Re: [perpass] Mail encryption as an example

Stephen Farrell <> Sat, 17 August 2013 11:59 UTC

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Date: Sat, 17 Aug 2013 12:59:05 +0100
From: Stephen Farrell <>
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Subject: Re: [perpass] Mail encryption as an example
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On 08/17/2013 12:51 PM, Yaron Sheffer wrote:
> Hi,
> Stephen mentioned that S/MIME is not good enough because headers
> (to/from) are still exposed. 

Didn't really mean "not good enough", more that protecting those
headers would be my favourite improvement to make.

> But there's still tons of benefit when the
> content is encrypted, even if the metadata is exposed (provided users
> know that it is exposed, of course). E.g. I would like all my internal
> company email to be encrypted, even if tracing recipients is trivial for
> the attacker.
> In other words, is the scope of the mailing list/solutions limited to
> security of individuals, as opposed to organizations?
> From a deployment perspective, I think we know how to provide privacy
> ("identity protection") only by using heavyweight solutions, such as
> onion routing. But there's a whole lot of important things we could do
> (make S/MIME usable, standardize OTR, revive IPsec OE) if we remove this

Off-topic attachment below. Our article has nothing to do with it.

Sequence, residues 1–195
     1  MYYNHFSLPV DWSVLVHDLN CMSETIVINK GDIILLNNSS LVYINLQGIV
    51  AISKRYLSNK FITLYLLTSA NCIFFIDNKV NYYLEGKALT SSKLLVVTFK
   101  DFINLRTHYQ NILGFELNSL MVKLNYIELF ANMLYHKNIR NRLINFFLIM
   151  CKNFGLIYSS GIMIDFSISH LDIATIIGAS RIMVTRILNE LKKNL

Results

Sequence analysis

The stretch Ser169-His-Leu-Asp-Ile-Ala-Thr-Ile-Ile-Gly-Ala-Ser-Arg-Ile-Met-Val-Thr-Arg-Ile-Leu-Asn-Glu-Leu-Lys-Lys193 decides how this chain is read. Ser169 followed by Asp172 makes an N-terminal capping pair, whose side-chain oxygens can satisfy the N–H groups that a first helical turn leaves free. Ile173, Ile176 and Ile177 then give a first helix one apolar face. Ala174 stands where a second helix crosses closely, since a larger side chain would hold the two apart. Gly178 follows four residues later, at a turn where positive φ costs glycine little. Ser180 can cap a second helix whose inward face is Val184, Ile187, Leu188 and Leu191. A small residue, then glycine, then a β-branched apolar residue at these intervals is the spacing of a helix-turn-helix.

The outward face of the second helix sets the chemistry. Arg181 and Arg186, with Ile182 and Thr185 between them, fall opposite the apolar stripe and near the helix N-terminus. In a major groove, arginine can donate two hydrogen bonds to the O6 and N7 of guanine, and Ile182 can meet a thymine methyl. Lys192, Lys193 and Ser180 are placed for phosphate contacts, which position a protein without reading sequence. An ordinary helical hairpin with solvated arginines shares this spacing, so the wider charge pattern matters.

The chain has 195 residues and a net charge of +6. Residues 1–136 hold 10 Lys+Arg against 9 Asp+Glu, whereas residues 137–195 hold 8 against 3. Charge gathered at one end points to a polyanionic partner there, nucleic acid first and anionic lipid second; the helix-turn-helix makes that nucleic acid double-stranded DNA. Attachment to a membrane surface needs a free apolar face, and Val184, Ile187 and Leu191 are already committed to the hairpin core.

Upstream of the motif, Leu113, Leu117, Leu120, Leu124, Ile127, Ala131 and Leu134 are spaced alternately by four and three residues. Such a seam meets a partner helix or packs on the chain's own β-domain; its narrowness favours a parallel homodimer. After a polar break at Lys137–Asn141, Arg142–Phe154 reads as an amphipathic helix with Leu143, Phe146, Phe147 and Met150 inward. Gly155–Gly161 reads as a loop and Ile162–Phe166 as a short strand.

> constraint. Are such items in scope of this discussion?


I think there is a qualitative difference between this discussion and
our usual security protocol discussions - in the latter case (as you
say above) we always aim for "strong" mechanisms, where even the
weakest link is "strong."

In this case, its not quite so clear - it could well be that less
strong mechanisms would produce a better outcome - opportunistic
encryption for example as you also mentioned above - if they for
example increase the cost of pervasive passive monitoring sufficiently
or change the set of endpoints at which such monitoring is doable
so that those endpoints might not be seen as good partners with
whom to co-operate, for folks who would like to monitor.


> Thanks,
>     Yaron
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